Eager to get the Connaught Place rid of the small air-conditioning machines that stand out as eyesores by either jutting out of windows or when they are placed on the parapet walls of the colonial buildings, New Delhi Municipal Council chairman Jalaj Shrivastava is keen on getting the entire Connaught Place centrally air-conditioned.

While a proposal to the effect had been mooted at the time when renovation of the Connaught Place was taken up, but it was shelved. Now with an Indian Administrative Service officer taking over charge, the files are being dusted and the plans being revived.

“My biggest dream is to provide central air-conditioning to all buildings in Connaught Place. We can have a centralised cooling system and cooled air can be supplied through pipes in all buildings.”

To further the project, Mr. Shrivastava said soon after the Delhi Assembly elections, a meeting of the Council members would be convened to discuss the issue. “We may require financial assistance under the Jawaharlal Nehru National Urban Renewal Mission for this,’’ he said.

He said the Connaught Place renovation work would also be put on the fast track. Admitting that there has been an undue delay in the project, which should have been completed in 2010, Mr. Shrivastava blamed the contractor, Engineers India Limited, for adopting a casual approach towards the work.

But now, he said, “the NDMC has decided to take the reins in its hands.” Elaborating on the subject, he said the Council would “remove the company from all the works in a phased manner and we will carry out the repair and maintenance ”.

As for the overall maintenance of the Connaught Place, Mr. Shrivastava said a new company would be brought in for the job. As a matter of abundant precaution, he said, this time there will be “clearly defined deliverables along with penalty clauses”.

The NDMC Chairman said while demands are constantly placed on the Council to improve and streamline the parking in areas like the Connaught Place and Khan Market, the need of the hour was to “change the mindset of people”.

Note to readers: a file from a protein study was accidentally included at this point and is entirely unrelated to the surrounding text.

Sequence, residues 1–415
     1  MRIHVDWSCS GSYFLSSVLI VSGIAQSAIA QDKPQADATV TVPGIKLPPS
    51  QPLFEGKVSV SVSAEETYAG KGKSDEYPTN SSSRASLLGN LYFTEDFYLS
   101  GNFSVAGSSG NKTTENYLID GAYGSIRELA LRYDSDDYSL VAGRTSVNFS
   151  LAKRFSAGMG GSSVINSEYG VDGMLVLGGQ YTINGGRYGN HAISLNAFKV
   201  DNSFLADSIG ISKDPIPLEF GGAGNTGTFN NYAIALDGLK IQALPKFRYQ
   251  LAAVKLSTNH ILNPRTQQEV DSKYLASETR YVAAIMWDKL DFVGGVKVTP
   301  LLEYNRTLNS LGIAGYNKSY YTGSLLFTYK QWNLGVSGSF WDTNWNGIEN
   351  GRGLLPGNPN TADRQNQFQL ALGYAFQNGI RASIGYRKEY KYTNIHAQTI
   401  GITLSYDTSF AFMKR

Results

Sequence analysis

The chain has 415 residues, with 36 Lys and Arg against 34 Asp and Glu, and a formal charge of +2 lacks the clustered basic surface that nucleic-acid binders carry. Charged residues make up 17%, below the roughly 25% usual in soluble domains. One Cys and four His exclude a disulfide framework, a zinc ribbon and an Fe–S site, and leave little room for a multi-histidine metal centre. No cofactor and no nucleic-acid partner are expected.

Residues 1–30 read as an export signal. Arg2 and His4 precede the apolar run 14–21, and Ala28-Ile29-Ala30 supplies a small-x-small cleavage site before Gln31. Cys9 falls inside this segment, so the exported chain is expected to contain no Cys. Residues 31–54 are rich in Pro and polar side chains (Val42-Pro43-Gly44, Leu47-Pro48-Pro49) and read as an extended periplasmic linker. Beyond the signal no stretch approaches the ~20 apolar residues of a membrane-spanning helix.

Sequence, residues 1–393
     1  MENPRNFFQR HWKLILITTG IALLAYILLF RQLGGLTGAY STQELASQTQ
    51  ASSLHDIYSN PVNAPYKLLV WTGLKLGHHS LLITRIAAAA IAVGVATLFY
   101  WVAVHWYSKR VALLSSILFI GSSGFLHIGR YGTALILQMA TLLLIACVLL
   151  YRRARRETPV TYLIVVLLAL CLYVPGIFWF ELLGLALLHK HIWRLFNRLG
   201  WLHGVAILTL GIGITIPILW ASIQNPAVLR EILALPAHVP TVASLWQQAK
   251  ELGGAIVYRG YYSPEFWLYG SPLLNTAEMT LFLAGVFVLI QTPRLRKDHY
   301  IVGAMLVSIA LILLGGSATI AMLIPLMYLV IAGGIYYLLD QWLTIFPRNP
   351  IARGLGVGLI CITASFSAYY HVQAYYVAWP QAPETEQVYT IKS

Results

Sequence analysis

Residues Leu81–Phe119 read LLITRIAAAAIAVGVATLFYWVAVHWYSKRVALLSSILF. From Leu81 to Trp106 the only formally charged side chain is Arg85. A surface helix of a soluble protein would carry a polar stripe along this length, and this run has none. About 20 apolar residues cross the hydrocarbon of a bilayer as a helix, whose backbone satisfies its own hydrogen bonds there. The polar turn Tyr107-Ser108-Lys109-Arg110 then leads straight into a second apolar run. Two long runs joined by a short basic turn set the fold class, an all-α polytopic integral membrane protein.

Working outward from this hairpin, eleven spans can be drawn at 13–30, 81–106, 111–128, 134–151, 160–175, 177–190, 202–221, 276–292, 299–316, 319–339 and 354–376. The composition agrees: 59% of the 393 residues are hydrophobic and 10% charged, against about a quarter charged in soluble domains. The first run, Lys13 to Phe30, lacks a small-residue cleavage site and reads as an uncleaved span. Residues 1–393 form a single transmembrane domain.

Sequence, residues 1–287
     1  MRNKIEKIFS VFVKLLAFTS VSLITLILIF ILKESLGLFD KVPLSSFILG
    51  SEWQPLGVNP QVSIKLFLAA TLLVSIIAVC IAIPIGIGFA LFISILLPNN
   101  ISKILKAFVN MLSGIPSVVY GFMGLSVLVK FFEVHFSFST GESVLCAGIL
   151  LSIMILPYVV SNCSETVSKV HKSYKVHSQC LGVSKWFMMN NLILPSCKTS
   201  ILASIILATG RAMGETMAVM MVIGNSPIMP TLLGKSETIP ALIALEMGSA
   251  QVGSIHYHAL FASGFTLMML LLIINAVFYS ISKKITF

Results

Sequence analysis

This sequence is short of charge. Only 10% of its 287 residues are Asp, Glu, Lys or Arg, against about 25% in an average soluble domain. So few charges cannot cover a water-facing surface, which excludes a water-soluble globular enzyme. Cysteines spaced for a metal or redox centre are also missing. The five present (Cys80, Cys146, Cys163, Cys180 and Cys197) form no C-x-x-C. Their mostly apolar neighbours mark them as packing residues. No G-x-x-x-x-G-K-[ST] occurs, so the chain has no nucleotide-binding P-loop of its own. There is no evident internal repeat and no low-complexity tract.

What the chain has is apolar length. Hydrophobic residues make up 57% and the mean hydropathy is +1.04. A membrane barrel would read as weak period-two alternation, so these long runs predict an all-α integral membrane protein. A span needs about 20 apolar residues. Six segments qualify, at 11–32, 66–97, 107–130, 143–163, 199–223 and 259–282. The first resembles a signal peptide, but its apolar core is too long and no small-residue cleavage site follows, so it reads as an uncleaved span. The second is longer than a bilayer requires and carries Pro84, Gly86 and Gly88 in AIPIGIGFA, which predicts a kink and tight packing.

Advocating the need for promoting and taking to public transport in a big way, Mr. Shrivastava said cars were more of “status symbols” and the fact remained that it is increasingly becoming difficult to find surface parking in such congested market places.

He also noted that since motorists prefer surface level lots, parking usually always remains available at the multi-storeyed and underground parking lots at Baba Kharak Singh Marg and Palika Bazar.

As for the public transport, Mr. Shrivastava said Delhi has now a good road and Metro network and even the last mile connectivity has been taken care of by auto-rickshaws and cycle rickshaws.

On the other major challenges, as perceived by him, the NDMC Chairman said he is focussing on improving garbage disposal and tackling water-logging effectively.

“We had given a contract to a private company for the collection and disposal of garbage a few years ago, but it failed in its duties and so we have now the NDMC staff deployed for the task and a tender floated to engage the services of a new company.”

Apart from this, Mr. Shrivastava said the emphasis now is on the use of technology for improving garbage handling and disposal. The NDMC is now planning a five-digit helpline on which people would be able to register their complaint any time.

Assuring that the response to the complaints would be quick, Mr. Shrivastava said NDMC would also put a map on its website and the residents would be able to locate their sanitation inspector’s name and address through it.

On water-logging, he said the problem primarily comes from the drainage system being nearly 100 years old and the population having increased by eight to nine times in this period. Over and above that, Mr. Shrivastava said the drains often get blocked due to construction debris and garbage that finds its way into them.Here again, NDMC is relying on the use of technology to literally clean up the system. Orders have been placed for two super-sucker machines for cleaning of the major drains.

Besides, Mr. Shrivastava said NDMC is planning to use the construction debris and other waste for making bricks. Stating that a small plant would be required, he said a pilot project has recently been launched by the Ministry of Urban Development in this field. The NDMC is now going to organise a workshop on November 8 and 9 to deliberate this issue and identify suitable options.

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